# Statistical Details

Both our Bayesian and our Frequentist engines begin with a similar foundation for estimating experiment effects. We estimate the experiment effect (either the **relative** lift or the **absolute** effect), and its standard error. We create decision making tools from those estimates (e.g., frequentist confidence intervals and p-values, or Bayesian credible intervals and risks) to help you make rollout/rollback decisions.

Our estimates compare an experimental variation (henceforth the treatment) to some baseline variation (henceforth control). Define $\mu_{C}$ as the population control mean, and define $\mu_{T}$ as the population treatment mean.

The absolute treatment effect is $\Delta_{a} = \mu_{T}-\mu_{C}$.

The relative treatment effect (or lift) is $\Delta_{r} = (\mu_{T}-\mu_{C})/\mu_{C}$ if $\mu_{C}\ne 0$ and is undefined otherwise.

Throughout for any population parameter $\gamma$ denote its sample counterpart as $\hat{\gamma}$. For example, the sample absolute effect is $\hat{\Delta}_{a}$.

### Lift (Relative Effects)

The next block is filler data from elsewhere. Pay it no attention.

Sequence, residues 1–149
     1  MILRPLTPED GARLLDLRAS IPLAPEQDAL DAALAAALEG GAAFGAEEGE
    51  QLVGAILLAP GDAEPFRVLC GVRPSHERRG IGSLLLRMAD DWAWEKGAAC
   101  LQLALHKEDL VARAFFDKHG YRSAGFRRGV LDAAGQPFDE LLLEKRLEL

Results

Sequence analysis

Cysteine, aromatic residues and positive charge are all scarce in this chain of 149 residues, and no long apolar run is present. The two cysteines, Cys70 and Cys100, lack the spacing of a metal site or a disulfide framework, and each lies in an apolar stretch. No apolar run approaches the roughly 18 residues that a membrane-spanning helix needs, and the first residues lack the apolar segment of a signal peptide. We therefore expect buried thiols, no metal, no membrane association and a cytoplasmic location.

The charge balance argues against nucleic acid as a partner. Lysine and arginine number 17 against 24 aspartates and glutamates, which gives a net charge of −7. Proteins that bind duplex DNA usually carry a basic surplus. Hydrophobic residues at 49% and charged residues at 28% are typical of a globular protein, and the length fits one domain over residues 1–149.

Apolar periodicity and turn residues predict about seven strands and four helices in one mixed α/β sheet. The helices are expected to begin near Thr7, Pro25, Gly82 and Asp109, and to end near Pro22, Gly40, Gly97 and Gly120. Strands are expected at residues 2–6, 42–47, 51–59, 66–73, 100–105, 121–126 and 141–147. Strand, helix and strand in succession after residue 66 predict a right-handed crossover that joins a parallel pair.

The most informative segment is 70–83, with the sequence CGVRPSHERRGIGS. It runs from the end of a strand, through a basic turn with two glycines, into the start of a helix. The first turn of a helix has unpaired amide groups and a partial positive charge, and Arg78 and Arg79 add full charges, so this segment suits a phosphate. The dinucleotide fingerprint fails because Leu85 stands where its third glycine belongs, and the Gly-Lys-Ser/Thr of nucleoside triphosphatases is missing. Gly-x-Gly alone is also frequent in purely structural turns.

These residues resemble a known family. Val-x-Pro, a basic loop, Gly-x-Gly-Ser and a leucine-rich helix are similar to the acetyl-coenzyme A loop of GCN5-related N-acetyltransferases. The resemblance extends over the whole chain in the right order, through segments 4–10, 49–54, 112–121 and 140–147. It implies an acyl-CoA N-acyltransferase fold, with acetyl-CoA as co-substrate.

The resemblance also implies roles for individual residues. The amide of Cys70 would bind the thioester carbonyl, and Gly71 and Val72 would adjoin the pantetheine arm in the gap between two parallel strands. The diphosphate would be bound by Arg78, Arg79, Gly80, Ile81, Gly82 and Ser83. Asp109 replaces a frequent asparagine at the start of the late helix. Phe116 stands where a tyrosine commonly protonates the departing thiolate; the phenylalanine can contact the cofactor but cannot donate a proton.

By default, we estimate lift (i.e. relative effects or percentage changes) from the control to the treatment variations. No matter which engine we use, the statistics we leverage are

$\begin{align} \hat{\Delta}_r &= \frac{\hat\mu_T - \hat\mu_C}{\hat\mu_C} \\ \hat{\sigma}^2_{\Delta_r} &= \frac{\hat\sigma^2_C \hat\mu^2_T}{\hat\mu^4_C n_C} + \frac{\hat\sigma^2_T}{\hat\mu^2_C n_T} \end{align}$where $\hat\mu_C$ and $\hat\mu_T$ are the estimates of our variation means, $\hat\sigma^2_C$ and $\hat\sigma^2_T$ are the estimated variances of those means, and $n_C$ and $n_T$ are the sample sizes. The variance $\hat{\sigma}^2_{\Delta_r}$ is a delta method estimator, as $\hat{\Delta}_r$ is a ratio.

We cover how we estimate the variation means and their standard errors below, depending on metric type.

### Absolute Effects

The math for absolute effects is simpler, as our estimator is no longer a ratio.

$\begin{align} \hat{\Delta}_a &= \hat\mu_T - \hat\mu_C \\ \hat{\sigma}^2_{\Delta_a} &= \frac{\hat\sigma^2_C}{n_C} + \frac{\hat\sigma^2_T}{n_T} \end{align}$## Bayesian Engine